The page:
According to their descriptions, Nero has a trusted assistant prepare Agrippina's yacht with a trap door that will open and sweep her out to sea.
Cassius Dio writes the mechanism would then close and the boat would continue sailing, as though nothing had happened... Nero could easily have disguised a crime on the ship.
As Tacitus wrote, 'Nothing allowed of accidents so much as the sea.'
An experiment in a ship model basin will hopefully reveal the truth.
According to Tacitus, Agrippina's yacht was a 'trireme, a galley with three banks of oars on either side.
The mother of the emperor would have had a luxurious cabin at the stern of the ship.
Agrippina's yacht is reconstructed at a scale of 1 to 9 in the ship model basin.
The aim of the experiment is to determine what kind of modifications would have been necessary to create an opening in the ship that someone could fall through.
The experts are certain that trapdoors would have been the only possibility, and they install two flaps at the stern of the model.
One opens inward, while the other opens out into the water.
On dry land, both trapdoors work perfectly.
In the water though, things are very different.
Now it''s time to test the trapdoor theory.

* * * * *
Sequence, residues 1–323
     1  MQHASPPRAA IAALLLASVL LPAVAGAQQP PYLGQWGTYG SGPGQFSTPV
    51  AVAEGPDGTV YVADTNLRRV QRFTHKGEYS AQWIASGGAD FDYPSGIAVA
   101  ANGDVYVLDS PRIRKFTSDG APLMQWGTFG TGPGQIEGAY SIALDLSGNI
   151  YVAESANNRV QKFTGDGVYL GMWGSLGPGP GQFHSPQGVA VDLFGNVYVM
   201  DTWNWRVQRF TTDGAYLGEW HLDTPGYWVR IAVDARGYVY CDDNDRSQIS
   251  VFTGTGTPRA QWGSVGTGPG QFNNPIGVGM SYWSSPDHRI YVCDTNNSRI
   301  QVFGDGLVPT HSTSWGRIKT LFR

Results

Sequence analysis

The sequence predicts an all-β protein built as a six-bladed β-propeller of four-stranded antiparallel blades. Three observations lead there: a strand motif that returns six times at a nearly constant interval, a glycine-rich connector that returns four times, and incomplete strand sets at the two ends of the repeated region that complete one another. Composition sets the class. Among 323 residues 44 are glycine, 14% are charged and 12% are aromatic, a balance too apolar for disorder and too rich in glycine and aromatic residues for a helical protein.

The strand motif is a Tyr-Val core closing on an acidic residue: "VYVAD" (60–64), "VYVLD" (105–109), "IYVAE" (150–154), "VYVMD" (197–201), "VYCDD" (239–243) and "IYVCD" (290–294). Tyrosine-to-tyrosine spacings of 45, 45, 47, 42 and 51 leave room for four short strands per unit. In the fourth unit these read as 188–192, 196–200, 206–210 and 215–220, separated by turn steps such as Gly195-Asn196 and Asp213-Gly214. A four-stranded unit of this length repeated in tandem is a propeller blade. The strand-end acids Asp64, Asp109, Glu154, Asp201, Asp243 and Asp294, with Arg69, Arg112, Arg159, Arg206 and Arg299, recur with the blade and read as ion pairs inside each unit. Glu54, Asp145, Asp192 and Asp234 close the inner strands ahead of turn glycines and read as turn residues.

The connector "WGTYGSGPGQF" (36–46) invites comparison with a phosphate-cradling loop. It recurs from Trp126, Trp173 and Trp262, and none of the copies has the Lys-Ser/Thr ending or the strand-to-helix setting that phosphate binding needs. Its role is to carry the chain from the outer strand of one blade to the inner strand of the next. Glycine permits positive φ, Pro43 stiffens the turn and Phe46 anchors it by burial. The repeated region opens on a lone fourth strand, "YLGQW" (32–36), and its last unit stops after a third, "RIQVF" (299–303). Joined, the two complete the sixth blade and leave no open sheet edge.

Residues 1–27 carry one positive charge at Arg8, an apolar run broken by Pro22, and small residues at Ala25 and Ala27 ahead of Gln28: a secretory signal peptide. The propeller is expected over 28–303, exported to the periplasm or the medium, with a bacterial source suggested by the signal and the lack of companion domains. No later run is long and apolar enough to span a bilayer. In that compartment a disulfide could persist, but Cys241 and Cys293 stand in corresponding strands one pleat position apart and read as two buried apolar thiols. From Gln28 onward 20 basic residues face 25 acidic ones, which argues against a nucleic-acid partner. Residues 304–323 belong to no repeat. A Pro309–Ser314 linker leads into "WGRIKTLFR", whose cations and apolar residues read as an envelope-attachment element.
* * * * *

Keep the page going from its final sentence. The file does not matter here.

The depth of the hull is reconstructed exactly.
The flaps are now underwater.
The door opening into the ship would have let water flow in immediately, stopping anyone from falling out and also quickly sinking the ship.
Given these results, the trapdoor must have opened outwards.
And yet, it can''t.
The water pressure keeps the flap closed, and the ship sails on as normal.
Perhaps more force is required.
Weights are placed on the trapdoor.
So much weight is needed to force the flap open, the ship begins to sink.
Approximately 2 tons would have been required to force the door open, but that would have sunk the ship before it ever left the harbor.
Additionally, once the door opened out, there wouldn''t have been a way to close it.
Water would have flooded in and sunk the ship.
The writers' descriptions just aren''t reliable as evidence.
'Telling the truth' didn't mean providing descriptions or reconstructions of events that were one hundred percent accurate.
Rather, the story had to be told well, and had to be built around a sweet center that increased the appetite and the attention of the readers.